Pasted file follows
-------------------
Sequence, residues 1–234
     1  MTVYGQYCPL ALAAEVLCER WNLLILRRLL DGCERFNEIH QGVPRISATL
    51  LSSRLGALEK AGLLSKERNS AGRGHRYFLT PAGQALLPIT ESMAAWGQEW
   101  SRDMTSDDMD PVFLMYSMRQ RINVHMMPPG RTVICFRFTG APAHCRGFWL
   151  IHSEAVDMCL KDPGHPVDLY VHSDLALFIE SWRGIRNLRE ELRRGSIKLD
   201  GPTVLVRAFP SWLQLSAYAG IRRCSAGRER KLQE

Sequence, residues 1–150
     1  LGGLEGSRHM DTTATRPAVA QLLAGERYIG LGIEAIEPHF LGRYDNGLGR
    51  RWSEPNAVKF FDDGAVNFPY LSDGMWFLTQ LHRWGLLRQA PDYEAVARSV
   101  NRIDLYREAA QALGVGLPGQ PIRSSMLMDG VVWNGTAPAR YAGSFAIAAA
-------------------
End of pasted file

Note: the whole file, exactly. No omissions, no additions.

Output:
Sequence, residues 1–234
     1  MTVYGQYCPL ALAAEVLCER WNLLILRRLL DGCERFNEIH QGVPRISATL
    51  LSSRLGALEK AGLLSKERNS AGRGHRYFLT PAGQALLPIT ESMAAWGQEW
   101  SRDMTSDDMD PVFLMYSMRQ RINVHMMPPG RTVICFRFTG APAHCRGFWL
   151  IHSEAVDMCL KDPGHPVDLY VHSDLALFIE SWRGIRNLRE ELRRGSIKLD
   201  GPTVLVRAFP SWLQLSAYAG IRRCSAGRER KLQE

Sequence, residues 1–150
     1  LGGLEGSRHM DTTATRPAVA QLLAGERYIG LGIEAIEPHF LGRYDNGLGR
    51  RWSEPNAVKF FDDGAVNFPY LSDGMWFLTQ LHRWGLLRQA PDYEAVARSV
   101  NRIDLYREAA QALGVGLPGQ PIRSSMLMDG VVWNGTAPAR YAGSFAIAAA